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Getting Turkey To The Troops


There are roughly 120,000 American troops in Afghanistan and Iraq. And on Thanksgiving, those two places may in fact be easiest in the world to locate pumpkin pie, stuffing and cranberry sauce. That's because the Defense Logistics Agency, which is an office of the Pentagon, has been busy for months making sure that tens of thousands of pounds of turkey, bread rolls and all the Thanksgiving trimmings will arrive to those troops in time.

Rich Faso is the man in charge of this endeavor and here's his Thanksgiving shopping list just for Afghanistan.

RICH FASO: Thirty thousand pounds of turkey breast, 38,000 pounds of whole turkey, 18,000 pounds of smoked whole turkey, 30,000 pounds of ham, 27,000 pies, as well as 13,000 pounds of cranberry sauce.

RAZ: Rich, how do you begin to plan all that? When does this process actually start?

FASO: Well, Guy, when most people are planning their vacations for the summer, we're busy thinking about Thanksgiving. So, in the May timeframe, roughly six months prior to the event.

RAZ: So how many people are actually involved in making this happen? I mean, you say you started doing this over the summer. There must be hundreds of people trying to figure out how to get Thanksgiving dinners to troops in sometimes very remote parts of Afghanistan and Iraq.

FASO: We have about 300 people here in Philadelphia, 'cause we support the military all over the world. But we do have probably 20 to 30 people that concentrate solely on Iraq and Afghanistan and the requirements for the military stationed there.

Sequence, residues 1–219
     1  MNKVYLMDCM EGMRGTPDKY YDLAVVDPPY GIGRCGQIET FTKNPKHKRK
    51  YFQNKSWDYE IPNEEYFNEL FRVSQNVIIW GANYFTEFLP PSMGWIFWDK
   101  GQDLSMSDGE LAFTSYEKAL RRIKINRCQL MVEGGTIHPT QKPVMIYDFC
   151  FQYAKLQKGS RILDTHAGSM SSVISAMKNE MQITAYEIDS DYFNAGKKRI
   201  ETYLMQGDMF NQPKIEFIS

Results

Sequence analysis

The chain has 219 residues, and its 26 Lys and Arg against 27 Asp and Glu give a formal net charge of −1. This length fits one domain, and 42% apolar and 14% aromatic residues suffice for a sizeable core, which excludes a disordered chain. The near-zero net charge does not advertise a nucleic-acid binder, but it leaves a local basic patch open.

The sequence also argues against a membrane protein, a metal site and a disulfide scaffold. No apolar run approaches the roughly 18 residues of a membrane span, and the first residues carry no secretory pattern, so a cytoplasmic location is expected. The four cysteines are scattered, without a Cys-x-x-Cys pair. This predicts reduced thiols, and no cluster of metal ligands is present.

RAZ: So this stuff is shipped from the U.S. It takes about 75 days to get to Afghanistan and Iraq. And I've read that in the past, you had to sort of negotiate some pretty hairy border crossings just to get the food into Afghanistan, for example, like dealing with tribal warlords on the borders and stuff.

FASO: Yes. If you take the Pakistan route, it can take 12 days to travel from the Karachi port all the way up into Afghanistan. And along the way, you might be asked to pay a little toll now and then.

RAZ: Aha, yes.

FASO: And then, if you come in through the north, depending upon the weather you might get shut down because of snow or something like that. The roads are just very narrow and can be completely impassable at times.

RAZ: Some of these troops, particularly in Afghanistan, are in pretty remote outposts. How do you get the food down to them?

FASO: There are some customers in Afghanistan where we routinely deliver by helicopter. There is no way to get a truck into some of the remote areas that they have, and helicopter is the standard means of getting them food on a consistent basis.

RAZ: What does it cost to feed 120,000 troops, or even just the troops in Afghanistan, this one Thanksgiving meal?

FASO: It's $7 per person per meal.

RAZ: That's pretty good. It seems pretty efficient. Why don't you just do Thanksgiving everyday?


FASO: It would - believe it or not, is - you can only eat so much turkey. So it would get mundane after a while.

RAZ: The American military presence in Iraq, of course, is winding down. And the 20,000 or so troops that are still there will be home by the end of December. So this is probably the last Thanksgiving you're going to be coordinating for troops there, right?

FASO: Yes. We'll be taking on the Department of State, who's going into Iraq to complete the mission.

RAZ: Now normally, after Thanksgiving somebody like you would be able to just relax and kind of take it easy. But you're like doing the same thing for Christmas just a few weeks later.

FASO: Yes, and the Christmas meal is already in Iraq and Afghanistan, poised to go out to the troops once Thanksgiving is over.

RAZ: And it's pretty much the same meal except you throw in some eggnog, right?

FASO: Yeah, it is the same meal. Yes.


RAZ: That's Rich Faso. He's with the U.S. Defense Logistics Agency. He's the man in charge of getting a hot Thanksgiving meal and Christmas meal out to all American servicemen and women abroad.

Rich Faso, thanks so much.

FASO: Thank you, Guy. Transcript provided by NPR, Copyright NPR.